Ward Room
Covering Chicago's nine political influencers

Thinking Outside the Big Box

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    NEWSLETTERS

    Who wants big-box stores in Chicago

    Sure, there's the lure of finding tennis balls, a steak and a flash drive all in the same place. But there's the tacky factor. We're supposed to live in a sophisticated city. Big-box stores are an eyesore for the suburbs.

    But like it or not, the boxes are moving in to busy parts of the city. Target's coming to State Street and Wal-Mart wants a piece of the West Loop. 

    This is a city that takes retail seriously. People made signs and protested when Macy's gobbled up Marshall Field's. And some of them keep the fight alive online.

    We may prefer Chicago-based businesses to flourish downtown, but business everywhere is crumbling. The building Target wants has been empty for four years. What's better - something, anything in that space, or a vacant building giving off a ghost town vibe?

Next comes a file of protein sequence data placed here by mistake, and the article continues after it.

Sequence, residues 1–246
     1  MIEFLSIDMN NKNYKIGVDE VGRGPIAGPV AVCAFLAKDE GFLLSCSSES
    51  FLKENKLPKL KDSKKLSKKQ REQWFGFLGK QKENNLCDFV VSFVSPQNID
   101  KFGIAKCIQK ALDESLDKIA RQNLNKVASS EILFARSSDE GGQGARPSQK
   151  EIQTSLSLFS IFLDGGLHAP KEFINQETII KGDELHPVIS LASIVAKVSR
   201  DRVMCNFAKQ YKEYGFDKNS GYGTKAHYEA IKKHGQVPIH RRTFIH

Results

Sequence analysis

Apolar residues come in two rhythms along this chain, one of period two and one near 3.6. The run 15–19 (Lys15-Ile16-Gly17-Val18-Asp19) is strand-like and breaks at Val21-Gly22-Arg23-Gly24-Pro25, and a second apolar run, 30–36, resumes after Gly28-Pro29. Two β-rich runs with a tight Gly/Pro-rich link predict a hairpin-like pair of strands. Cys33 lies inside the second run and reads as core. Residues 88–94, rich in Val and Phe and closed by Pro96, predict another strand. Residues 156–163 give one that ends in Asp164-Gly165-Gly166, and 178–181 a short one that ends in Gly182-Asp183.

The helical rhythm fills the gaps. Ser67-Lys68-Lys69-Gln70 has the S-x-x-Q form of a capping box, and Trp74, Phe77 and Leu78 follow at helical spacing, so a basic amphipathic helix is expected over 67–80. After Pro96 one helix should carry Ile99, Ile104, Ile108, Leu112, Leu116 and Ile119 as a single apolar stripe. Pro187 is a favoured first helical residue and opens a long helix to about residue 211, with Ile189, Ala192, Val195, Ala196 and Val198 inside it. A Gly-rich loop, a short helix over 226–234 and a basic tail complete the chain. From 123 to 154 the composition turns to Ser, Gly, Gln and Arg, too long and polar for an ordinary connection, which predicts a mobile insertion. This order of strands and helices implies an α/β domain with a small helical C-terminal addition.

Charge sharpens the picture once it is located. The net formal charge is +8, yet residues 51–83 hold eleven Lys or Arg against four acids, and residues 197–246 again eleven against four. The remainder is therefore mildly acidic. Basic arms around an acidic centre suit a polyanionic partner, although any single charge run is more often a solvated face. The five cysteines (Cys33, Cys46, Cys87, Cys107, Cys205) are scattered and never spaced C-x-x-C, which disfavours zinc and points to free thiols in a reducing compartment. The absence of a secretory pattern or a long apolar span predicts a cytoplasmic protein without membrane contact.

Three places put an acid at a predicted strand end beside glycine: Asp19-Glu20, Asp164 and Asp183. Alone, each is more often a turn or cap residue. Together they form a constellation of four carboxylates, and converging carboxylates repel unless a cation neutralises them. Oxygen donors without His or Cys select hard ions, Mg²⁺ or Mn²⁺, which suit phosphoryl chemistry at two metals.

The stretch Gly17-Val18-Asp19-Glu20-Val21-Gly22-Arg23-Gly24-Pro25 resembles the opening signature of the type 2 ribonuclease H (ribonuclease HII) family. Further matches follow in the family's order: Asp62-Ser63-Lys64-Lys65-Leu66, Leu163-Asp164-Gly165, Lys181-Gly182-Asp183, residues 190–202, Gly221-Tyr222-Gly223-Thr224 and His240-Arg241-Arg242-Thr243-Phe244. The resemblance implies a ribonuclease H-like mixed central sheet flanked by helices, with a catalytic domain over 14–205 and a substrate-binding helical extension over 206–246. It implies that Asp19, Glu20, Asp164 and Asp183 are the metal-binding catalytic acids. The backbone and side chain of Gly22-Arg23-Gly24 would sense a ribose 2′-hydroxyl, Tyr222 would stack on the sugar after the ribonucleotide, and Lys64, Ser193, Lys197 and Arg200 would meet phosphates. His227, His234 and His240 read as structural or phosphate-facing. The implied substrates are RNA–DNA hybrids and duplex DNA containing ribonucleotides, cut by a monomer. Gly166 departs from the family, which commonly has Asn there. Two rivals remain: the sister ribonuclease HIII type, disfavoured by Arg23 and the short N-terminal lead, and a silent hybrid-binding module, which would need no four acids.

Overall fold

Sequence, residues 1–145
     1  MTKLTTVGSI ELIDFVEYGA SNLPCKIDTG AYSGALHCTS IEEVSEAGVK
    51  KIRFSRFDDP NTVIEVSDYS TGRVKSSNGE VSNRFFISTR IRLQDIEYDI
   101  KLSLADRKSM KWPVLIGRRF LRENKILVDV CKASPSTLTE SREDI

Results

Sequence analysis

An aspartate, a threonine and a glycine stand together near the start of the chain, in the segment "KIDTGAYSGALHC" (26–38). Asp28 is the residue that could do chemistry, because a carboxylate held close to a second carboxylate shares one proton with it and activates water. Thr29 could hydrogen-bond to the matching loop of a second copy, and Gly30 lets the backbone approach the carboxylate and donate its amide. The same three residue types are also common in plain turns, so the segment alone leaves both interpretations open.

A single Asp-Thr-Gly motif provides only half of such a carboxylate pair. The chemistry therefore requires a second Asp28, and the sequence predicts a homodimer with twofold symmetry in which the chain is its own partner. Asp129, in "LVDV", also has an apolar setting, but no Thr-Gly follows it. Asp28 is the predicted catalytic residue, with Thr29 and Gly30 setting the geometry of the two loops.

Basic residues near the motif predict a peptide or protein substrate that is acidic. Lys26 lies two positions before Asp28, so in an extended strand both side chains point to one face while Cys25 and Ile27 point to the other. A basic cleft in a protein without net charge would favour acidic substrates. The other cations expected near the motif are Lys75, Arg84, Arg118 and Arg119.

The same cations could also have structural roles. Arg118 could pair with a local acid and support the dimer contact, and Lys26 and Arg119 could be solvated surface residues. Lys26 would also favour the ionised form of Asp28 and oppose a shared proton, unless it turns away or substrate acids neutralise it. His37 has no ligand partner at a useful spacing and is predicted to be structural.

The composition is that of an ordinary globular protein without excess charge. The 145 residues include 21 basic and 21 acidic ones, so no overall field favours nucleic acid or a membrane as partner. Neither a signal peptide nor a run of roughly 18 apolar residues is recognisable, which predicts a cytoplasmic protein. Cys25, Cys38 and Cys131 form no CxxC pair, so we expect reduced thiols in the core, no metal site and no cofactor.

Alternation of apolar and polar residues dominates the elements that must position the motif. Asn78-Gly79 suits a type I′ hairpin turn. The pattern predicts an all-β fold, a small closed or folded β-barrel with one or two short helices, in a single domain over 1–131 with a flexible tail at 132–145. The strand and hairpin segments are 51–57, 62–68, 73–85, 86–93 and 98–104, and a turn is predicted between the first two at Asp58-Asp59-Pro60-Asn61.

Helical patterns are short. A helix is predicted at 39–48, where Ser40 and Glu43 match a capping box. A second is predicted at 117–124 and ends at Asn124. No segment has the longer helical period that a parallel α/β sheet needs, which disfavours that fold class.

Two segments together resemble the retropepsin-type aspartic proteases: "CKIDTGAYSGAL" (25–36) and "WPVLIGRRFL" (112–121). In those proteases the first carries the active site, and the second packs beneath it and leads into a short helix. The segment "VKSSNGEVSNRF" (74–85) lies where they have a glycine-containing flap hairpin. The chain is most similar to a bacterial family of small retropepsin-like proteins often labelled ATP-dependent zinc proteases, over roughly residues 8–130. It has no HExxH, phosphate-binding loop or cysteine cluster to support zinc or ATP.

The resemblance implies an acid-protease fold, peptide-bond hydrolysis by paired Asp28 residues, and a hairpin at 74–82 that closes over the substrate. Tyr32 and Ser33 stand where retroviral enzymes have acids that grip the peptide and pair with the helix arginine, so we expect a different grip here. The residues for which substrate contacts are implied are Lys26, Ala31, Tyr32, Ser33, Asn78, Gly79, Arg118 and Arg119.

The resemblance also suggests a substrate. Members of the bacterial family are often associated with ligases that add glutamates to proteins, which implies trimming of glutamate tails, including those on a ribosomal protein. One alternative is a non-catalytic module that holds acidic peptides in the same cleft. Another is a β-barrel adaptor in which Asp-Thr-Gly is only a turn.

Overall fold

Sure, McDonald's is lowbrow, but we have them all over the city. And they wouldn't stay open unless people ate there. No one is saying you have to shop at a big-box store. If you hate them, don't spend your money there. For a city to thrive, it needs money flowing through it. 

    Maybe we'd rather have our shoppers burning cash at tiny corner boutiques. There's nothing saying that still can't happen. But new businesses mean new jobs and more revenue. 

    That's a deal worth taking, even if we may not like what's on the other end of the handshake.